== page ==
"Custom may suffice as the basis of law, but is inadequate as the basis of justice. Tyranny, not liberty, has been the custom in the past; and so Libertarians reject custom as a guiding principle, just as they reject power or might. They know that justice is not something that was, or is, but that is to be."
by:
Charles T. Sprading
(1871-1959) Libertarian activist, writer
Source:
Charles T. Sprading's Introduction to Liberty and the Great Libertarians; An Anthology On Liberty; A Hand-book Of Freedom (Los Angeles: The Libertarian Publishing Company, 1913)
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Reader comments about this quote:
It is the basis of custom that may or may not be the basis of law. The entire set premise is flawed, so the conclusion isn't much better.
 -- Mike, Norwalk     
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    Libertarians aren't any more perfect in their positions or pronouncements than any other collection of philosophical like-thinkers. But as with most serious political theorists/activists, some of their concepts are quite pure nonetheless. Considering the wide scope of the issues encapsulated/simplified by the quote, perhaps Sprading may be criticized for being too ambitious. But the truth of his varied conclusions is undeniable - and completely heart wrenching.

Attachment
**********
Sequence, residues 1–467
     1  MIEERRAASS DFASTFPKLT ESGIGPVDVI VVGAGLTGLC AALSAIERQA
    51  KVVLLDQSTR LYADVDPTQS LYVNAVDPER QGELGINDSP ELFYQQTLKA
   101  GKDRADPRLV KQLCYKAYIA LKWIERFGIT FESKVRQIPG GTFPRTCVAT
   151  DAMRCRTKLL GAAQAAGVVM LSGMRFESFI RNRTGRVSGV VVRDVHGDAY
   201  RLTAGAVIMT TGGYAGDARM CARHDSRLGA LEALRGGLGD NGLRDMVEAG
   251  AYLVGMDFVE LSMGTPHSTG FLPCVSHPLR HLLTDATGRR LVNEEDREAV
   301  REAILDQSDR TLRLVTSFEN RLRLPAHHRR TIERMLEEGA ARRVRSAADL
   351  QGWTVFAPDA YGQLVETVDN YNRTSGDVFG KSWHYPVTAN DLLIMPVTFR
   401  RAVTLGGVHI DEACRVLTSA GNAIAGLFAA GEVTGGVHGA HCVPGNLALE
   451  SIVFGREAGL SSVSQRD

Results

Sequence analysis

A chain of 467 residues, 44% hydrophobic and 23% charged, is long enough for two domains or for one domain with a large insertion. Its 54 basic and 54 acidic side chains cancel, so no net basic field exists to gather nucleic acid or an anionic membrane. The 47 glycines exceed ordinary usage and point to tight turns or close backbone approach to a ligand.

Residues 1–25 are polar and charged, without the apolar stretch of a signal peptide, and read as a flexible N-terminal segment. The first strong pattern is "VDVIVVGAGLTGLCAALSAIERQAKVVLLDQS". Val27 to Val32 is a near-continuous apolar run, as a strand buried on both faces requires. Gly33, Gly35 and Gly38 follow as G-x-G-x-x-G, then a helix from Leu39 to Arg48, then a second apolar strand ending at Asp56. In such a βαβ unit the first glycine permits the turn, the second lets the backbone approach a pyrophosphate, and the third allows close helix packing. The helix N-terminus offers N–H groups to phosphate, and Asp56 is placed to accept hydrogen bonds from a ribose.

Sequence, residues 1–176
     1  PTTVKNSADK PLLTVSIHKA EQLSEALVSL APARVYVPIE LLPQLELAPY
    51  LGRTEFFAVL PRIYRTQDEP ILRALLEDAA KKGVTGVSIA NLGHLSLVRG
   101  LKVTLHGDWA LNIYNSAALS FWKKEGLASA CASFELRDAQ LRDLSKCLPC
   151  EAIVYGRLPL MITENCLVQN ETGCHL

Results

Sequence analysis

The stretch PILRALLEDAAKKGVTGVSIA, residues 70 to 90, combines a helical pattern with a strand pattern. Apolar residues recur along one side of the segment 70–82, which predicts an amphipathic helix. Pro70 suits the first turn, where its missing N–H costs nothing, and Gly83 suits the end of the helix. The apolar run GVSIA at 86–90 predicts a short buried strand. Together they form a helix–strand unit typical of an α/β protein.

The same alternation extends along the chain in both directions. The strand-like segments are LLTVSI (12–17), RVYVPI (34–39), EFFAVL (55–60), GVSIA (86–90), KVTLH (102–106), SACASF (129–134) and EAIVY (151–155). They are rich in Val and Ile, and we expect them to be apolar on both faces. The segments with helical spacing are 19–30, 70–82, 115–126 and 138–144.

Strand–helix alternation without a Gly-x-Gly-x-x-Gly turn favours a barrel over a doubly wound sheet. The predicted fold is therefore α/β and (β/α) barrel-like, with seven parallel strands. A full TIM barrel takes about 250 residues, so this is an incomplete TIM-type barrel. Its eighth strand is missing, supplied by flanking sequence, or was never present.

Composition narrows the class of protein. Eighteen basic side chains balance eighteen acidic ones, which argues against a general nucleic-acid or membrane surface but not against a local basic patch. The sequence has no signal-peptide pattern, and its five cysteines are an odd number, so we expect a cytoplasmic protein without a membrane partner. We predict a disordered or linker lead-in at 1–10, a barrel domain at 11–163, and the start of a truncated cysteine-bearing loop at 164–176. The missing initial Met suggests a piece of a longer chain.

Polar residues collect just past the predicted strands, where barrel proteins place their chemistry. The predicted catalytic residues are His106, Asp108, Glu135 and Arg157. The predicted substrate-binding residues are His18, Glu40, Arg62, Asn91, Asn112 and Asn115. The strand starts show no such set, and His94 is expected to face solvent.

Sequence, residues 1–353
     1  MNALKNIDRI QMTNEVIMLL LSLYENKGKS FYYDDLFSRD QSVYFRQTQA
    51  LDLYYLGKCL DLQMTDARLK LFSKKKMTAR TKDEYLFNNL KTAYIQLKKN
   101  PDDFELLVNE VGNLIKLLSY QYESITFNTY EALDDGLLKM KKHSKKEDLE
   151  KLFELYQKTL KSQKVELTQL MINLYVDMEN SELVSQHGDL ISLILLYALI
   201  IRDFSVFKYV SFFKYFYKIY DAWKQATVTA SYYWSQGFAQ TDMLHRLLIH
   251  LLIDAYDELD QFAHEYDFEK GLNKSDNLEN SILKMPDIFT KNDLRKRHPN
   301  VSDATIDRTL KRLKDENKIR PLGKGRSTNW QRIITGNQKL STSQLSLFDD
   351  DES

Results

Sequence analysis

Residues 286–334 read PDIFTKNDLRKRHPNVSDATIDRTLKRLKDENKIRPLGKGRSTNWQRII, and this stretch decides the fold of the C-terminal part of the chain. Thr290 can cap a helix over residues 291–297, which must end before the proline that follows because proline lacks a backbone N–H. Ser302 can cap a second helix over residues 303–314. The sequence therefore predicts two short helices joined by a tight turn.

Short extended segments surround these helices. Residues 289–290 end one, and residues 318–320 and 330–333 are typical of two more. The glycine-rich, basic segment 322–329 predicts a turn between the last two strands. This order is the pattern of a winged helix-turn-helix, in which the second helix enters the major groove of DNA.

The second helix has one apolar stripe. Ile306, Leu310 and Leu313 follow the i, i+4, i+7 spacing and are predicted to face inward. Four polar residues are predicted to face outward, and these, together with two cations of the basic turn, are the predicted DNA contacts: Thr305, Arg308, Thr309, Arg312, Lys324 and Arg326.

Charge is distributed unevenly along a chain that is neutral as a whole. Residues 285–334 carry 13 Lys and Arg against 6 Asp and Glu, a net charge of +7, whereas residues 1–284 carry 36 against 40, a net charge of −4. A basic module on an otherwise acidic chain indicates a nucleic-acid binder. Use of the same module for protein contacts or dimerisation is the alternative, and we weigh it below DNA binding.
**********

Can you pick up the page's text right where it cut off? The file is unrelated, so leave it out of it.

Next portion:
-- Mann, Kalamazoo     
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    I like it. The primary reason corrupt governments get away with tyrannical acts is that the 'law' need not restrain them if the majority of people agree with the traditional form of knavery and deception. Custom and tradition are generally the culprits of war and servitude since these customs are thousands of years old and deeply ingrained in the consciousness of those indoctrinated by church and state. I agree, "justice is not something that was, or is, but that is to be."
     -- E Archer, NYC     
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